Featured Water Lesson!
Water Efficient TechnologiesBy exploring an interactive website, students learn about the technology of how familiar fixtures work and compare them with their inefficient counterparts.
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Outdoor Water Conservation Tips
- Use natural fertilizers like compost, manure, bone meal or peat whenever possible. Composting decreases the need for fertilizer and helps oil retain moisture. Don’t know how to compost? Visit GEF’s composting pages to learn how easy it is!
- Water grass at night or early morning to avoid evaporation - Watering your grass in the heat of the day allows the sun to evaporate much of the water before it’s absorbed into the soil, causing the need for more frequent watering. Watering grass in the evening or early morning before the sun rises achieves the same healthy lawn with less water.
- Use native plants to landscape - Plants that are native to a region are able to better survive in that region naturally, without the need for extra water or fertilizer. Find out which native plants are available for your area.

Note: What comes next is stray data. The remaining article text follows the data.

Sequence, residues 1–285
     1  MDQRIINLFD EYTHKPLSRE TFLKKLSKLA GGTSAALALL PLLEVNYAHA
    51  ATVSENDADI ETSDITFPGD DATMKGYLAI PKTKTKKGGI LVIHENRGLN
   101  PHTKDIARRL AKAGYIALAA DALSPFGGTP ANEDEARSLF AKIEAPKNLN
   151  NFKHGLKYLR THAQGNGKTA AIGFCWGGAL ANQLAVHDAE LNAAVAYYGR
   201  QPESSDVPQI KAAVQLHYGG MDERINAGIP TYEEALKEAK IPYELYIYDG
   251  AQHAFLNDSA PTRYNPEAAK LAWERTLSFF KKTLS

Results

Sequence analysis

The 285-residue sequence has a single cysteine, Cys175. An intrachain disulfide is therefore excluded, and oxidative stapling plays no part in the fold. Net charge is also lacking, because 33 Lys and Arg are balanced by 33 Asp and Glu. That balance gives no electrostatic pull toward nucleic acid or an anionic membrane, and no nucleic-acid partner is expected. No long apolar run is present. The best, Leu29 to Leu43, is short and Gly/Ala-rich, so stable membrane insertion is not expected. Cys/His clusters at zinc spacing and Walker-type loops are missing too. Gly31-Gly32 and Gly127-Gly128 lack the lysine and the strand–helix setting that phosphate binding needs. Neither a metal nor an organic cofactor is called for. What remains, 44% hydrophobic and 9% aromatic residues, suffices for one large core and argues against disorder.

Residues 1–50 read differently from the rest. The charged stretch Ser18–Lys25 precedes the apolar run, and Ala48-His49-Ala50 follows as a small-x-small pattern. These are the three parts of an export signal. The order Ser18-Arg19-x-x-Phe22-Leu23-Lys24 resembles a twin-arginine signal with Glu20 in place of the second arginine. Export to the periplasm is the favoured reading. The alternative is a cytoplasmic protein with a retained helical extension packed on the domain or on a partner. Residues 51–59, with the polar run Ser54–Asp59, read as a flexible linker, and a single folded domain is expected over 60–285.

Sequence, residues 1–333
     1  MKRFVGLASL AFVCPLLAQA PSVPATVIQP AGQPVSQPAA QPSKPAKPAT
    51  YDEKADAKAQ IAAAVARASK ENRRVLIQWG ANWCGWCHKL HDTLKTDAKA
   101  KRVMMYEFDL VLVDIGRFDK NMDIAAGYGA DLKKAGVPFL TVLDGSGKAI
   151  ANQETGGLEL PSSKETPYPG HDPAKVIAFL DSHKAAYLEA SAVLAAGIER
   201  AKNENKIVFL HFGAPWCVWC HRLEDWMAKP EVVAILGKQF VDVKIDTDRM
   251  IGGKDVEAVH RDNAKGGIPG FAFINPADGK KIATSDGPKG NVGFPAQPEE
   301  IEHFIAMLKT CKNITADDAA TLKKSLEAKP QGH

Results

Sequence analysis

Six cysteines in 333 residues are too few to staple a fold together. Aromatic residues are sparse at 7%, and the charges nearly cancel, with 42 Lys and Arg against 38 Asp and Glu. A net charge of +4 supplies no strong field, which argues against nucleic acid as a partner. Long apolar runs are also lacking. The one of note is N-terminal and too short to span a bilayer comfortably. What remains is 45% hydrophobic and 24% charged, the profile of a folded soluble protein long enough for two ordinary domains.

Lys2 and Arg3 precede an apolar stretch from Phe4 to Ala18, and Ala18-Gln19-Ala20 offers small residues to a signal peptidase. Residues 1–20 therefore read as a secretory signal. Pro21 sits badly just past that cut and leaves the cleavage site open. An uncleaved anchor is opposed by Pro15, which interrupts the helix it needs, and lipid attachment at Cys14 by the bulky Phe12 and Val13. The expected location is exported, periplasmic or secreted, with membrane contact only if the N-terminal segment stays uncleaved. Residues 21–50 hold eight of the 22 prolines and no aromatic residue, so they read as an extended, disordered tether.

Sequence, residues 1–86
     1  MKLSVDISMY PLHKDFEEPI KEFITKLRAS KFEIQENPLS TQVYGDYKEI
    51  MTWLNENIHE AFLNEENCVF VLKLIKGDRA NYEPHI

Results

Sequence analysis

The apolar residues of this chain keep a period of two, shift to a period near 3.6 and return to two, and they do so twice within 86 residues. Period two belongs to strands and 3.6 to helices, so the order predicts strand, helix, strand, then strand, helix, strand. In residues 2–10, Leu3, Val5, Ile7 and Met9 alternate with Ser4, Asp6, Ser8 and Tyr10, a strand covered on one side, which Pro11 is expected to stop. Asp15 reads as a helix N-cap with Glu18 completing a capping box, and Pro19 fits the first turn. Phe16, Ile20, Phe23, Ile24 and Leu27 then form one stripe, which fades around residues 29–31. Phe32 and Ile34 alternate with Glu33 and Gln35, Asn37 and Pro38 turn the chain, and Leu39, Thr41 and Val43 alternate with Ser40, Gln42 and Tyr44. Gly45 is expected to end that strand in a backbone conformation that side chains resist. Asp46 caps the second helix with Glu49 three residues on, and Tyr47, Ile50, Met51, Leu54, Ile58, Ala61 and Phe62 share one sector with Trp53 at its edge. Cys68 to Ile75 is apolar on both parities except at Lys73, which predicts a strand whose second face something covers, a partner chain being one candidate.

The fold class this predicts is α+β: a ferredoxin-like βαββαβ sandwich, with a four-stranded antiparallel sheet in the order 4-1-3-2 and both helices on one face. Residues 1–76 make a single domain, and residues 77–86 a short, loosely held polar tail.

- Adjust your lawn mower to a higher setting. A taller lawn shades roots and holds soil moisture better than if it is closely clipped.
- Wash your car with water from a bucket rather than using the hose, or find a car wash that uses recycled water.
- If you have a pool, make sure it is covered when not in use to prevent evaporation.
- During the summer, avoid using recreational water toys that use a constant stream of water, like sprinklers. But, if you do, have your kids use them on areas of your yard that need more water.
- Collect outdoor water - Setting up a rain barrel is an easy way to gather water for irrigation and other outdoor uses. Learn how to make your own or purchase one at http://www.rainbarrelguide.com/.
- Position your sprinklers so they don’t spray the sidewalks or driveway. This ensures all the water is sprayed on the lawn and not wasted on hard surfaces.
- Clean your driveway and sidewalks by sweeping instead of using the hose.